Sep 8 2012
Dear Ms. Etherington:
This story had a charming couple – Pollyanna from Texas and the hard bitten detective whose father did time but the plot of the book surrounded the mystery of how the hero, Devin Antonio, was framed for the assault of a New York citizen.
This must be the third or fourth book in a series and I hadn’t read the previous three (nor did I feel compelled to read the others when I was finished). Calla Tucker and Devin Antonio had a background and connection that had built prior to the start of the story. Devin refers to Calla and her two friends as the Robin Hood gang and recalls previous escapades in which they all met and asked him for assistance. I presume they steal from the wealthy and give to the poor? I felt, at times, as if I had walked in during the middle of a movie and had missed important parts of the story.
Calla is a relentless pursuer of Detective Antonio who admittedly does not have a perfect record, making him more susceptible to suspicion of adverse behavior 0r at least that is what the narrative tries to sell us. His past bad behavior was to become involved in a witness which is not exactly the same thing as punching some random citizen. I suppose both involve bad judgment but loose sexual morals aren’t hand in hand with police brutality. Based on his checkered past, he feels he is not worth Calla whose purity of person is like a beacon to Devon.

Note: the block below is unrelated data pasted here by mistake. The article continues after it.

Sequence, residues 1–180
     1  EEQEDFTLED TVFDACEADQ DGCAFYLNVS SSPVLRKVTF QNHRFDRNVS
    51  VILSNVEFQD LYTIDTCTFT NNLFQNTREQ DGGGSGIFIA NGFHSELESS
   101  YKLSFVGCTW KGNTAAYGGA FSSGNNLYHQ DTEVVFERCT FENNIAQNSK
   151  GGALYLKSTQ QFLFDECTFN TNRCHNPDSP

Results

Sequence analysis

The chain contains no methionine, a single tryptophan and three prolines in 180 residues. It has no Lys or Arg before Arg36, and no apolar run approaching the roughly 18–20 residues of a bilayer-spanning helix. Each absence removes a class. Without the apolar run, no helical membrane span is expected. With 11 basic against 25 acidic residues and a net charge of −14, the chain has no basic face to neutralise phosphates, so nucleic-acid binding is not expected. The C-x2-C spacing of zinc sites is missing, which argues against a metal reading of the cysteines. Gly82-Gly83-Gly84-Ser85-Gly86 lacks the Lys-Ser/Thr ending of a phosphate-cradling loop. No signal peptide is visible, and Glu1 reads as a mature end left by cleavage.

We know of Devon’s lack of self worth because he voices this thought about twice every chapter, often closing each chapter with the same dour note. I pictured Devin walking around with a perpetual hangdog expression.
There is cute but not overly witty dialogue. It is nice to see a female pursuer and Devin, for all his eeyore behavior, is sweet. Calla is whipsmart, quick to put facts together (except for the obvious one) and a kind of person who won’t take no for an answer. I liked the female friendship between Calla and the others. However, the romance is quite subdued and there appeared to be almost no sexual tension between the characters. Perhaps Devon’s flat aspect contributed to that; he’s written with an almost depressed demeanor.
Morover, I was surprised at how bland the love scenes were given that Blaze is suppposed to be on the hotter end of the romance spectrum. I’d hate for a reader to pick up this Blaze (or any of the others I read for the month of September) hoping for a hot read. It is not. There was one two page love scene and remainder were essentially fade to black. Maybe that was for the best given the lack of chemistry between the two.
I was a bit frustrated that no one actually figured it out who the villain was for the longest time or that the IAD seemed so determined to criminalize the behavior of one of their own. I frowned on the collective crew with each erroneous assumption and misstep, particularly Calla who seemed so smart. While the story was sweet, it had no real substance and Devon the downer wasn’t exactly a person with whom I enjoyed spending time. C